What is there to say about steak frites? If you’re lucky enough to live near a good bistro, you’ve probably never considered making this classic dish at home. If you don’t live near a good bistro, you’ve also probably never considered making steak frites at home. Here’s the thing. Restaurants want us to believe that we’re better off leaving it to the pros. They want to get into our minds, break our spirits, and….sorry. [takes a deep breath] Point is: It really isn’t hard to pull off killer steak frites at home if you heed a few guidelines. First, start by selecting a good cut. Everyone’s favorite is ribeye, and justifiably so, but hanger steak is a deeply flavorful and affordable alternative. Second, season the steak simply with sea salt and freshly cracked black pepper; no need for “steak seasoning” and marinades. Third, cook with a very hot and ideally heavy skillet. Nothing is worse than a steak that isn’t seared properly, so don’t be timid with high heat and a bit of smoke. Finally, learn to avoid dry steaks by touch; softer steaks are closer to rare. As you’ll see, even these crispy French fries with herbs are surprisingly straightforward. Moral of the story? YES WE CAN.


(recipe for two adapted from David Lebovitz’s My Paris Kitchen)

2 (8-ounce) steaks, ribeye or hanger
1/2 tsp of sea salt (smoked if you have it)
1/2 tsp of chipotle chile powder (or Aleppo pepper)
freshly cracked black pepper
clarified butter (or vegetable oil)

for the mustard butter:
2 tbsp. unsalted butter, room temp.
2 tsp. mustard powder
2 tsp. good Dijon mustard

for the french fries:
3 large Yukon gold potatoes
fresh thyme, rosemary & sage
canola oil for frying
sea salt

Pat the steaks dry and rub them with the salt and chipotle powder. Chill for an hour. Make the mustard by mashing the butter with the mustard powder and Dijon. Form into two mounds and chill on a plate. In a large cast-iron pot, heat about 3 inches of canola oil for your french fries. Slice the potatoes length-wise. Once the oil is hot (test with one fry; it should bubble immediately), add the potatoes in batches. Fry them until golden brown and use a mesh strainer to transfer them to a wire rack. Now heat a cast-iron skillet over high heat. When the pan is very hot, add the clarified butter. Cook the steaks 5-6 minutes on each side for a rare steak, turning them over once (exact time will vary depending on steak’s thickness and your stove; you want a cooked steak that is still soft when you press it with your fingers). Remove the steaks from the pan and let rest. Finish the fries by frying them once more in the oil with fresh herbs for just a minute or two. Remove, drain well (on a paper towel or wire rack), and toss with sea salt. Serve the steak with a mound of mustard butter, freshly cracked pepper, and a heap of fries.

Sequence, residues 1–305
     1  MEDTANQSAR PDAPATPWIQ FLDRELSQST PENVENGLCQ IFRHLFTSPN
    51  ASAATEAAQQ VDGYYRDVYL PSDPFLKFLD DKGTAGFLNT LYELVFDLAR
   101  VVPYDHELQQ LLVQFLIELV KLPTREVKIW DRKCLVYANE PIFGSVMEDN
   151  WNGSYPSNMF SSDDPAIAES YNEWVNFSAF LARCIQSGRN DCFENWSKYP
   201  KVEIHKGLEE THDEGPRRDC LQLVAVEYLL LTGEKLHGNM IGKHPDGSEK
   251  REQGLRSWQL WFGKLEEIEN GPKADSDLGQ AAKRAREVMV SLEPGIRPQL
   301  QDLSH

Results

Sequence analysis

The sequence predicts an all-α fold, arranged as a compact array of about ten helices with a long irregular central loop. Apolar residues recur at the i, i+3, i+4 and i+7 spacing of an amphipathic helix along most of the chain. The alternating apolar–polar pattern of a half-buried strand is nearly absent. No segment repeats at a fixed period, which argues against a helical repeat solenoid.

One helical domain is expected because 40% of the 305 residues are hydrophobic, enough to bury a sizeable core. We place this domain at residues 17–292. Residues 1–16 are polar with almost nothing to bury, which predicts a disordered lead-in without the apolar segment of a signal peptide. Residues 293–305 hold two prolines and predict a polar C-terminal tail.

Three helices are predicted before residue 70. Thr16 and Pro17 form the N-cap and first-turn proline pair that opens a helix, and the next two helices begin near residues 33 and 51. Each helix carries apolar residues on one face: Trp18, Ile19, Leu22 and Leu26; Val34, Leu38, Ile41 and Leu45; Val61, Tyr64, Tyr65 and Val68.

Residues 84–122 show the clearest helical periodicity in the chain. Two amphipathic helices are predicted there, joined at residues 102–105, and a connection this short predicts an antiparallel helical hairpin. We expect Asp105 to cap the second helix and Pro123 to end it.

1. Hey David, I still remember the meal you cooked for Andy and me when we visited Matt Escarra at Princeton. I wish you the best as you get your webpage going. Definitely going to try making the steak frites soon, Thanks!


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